Here’s a recap of what we talked about and the four top tips to come out of this discussion:
Keith Barraclough’s website home page with multiple portfolios/specialties clearly labeled
Some photographers may have multiple specialties, and that’s okay – providing you define them clearly. As Michael reminded us, lifestyle/tabletop photographers, for example, should have separate sections (or linked sites) to present each of their specialties.
If you have multiple specialties, be sure to present them clearly and in separate portfolios, or consider the possibility of multiple websites. Just the other day I was working with a client and this very topic came up. For him, it’s an obvious choice because he has three different markets he wants to promote to, and they don’t necessarily all work together.
All four panelists agreed that they like, in fact want to see, thumbnails. As Elise commented, it is a helpful reference for them, especially when they don’t have much time.
Michelle went even further by saying she really likes the websites that show the thumbnails as a grid in the center of the screen, and that are large enough that it’s almost like looking at a mini-portfolio and she can pick out specific images she’d like to enlarge.
In this instance, the panelists don’t just want – it’s more a case of need when it comes to creating custom PDFs from your website (like Chris Chrisman’s below). Remember, we always have to consider the other person and not just ourselves, so they need to be able to point their art directors (or clients) to a few specific images they feel illustrate what they’re looking for.
According to Michael, they need to be able to create a PDF file of selected images (from possibly multiple portfolios) on the fly. And as Michelle added, it simply takes too long to take screen grabs of what they like, so they need something quick and easy. She also told the audience to not be scared about art directors using their images – it’s a good thing if they use your image for their comp!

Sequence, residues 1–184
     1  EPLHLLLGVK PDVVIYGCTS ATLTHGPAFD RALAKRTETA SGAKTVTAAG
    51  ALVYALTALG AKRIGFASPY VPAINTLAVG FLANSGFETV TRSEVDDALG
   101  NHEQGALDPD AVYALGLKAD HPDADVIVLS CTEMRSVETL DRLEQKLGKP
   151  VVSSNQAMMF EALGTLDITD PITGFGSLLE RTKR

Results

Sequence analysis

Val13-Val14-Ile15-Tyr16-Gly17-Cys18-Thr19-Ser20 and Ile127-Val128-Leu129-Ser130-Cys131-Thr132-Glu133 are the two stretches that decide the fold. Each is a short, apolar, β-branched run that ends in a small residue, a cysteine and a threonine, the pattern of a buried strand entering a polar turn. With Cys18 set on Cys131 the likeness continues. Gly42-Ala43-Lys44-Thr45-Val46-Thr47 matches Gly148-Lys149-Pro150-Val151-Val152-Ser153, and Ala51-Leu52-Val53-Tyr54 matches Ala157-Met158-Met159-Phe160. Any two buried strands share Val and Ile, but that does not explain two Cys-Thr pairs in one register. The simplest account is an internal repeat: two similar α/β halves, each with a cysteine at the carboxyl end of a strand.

Continuing on, Manuela reminded us of the importance of naming/labeling your image files. “Image-01,” “Image-02” and so on simply isn’t going to cut it. The image URL should include metadata that identifies it more adequately, so if potential clients like Manuela want to refer to a specific image when speaking with their bosses, they can do so.
Image example of Chris Crisman’s “downloadable” low-res jpg with clear image URL & caption: “crisman_flower_girl_portrait_010_final”
Michael further reiterated how all images should be named/meta-tagged for the best results on search engines, as well as when art buyers want to share single images with art directors.
I asked photographer Keith Barraclough, who attended the panel discussion, for some feedback and thoughts. Although Keith has heard many panels over the years, what he really appreciated was the sincerity of this particular group. They didn’t just give answers, he said, but they built off what each one was saying, instead of all saying the same thing.
They gave honest but constructive advice when we reviewed a few of the audience members’ websites, but more importantly, they not only gave practical advice, they explained why they need things a certain way. For Keith, what they said resonated simply because they made sense.
After spending a number of years in the commercial photography industry, Louisa Curtis now works to help photographers refine their vision, target the appropriate audience, and create and implement internet-driven business plans. Chatterbox Enterprises
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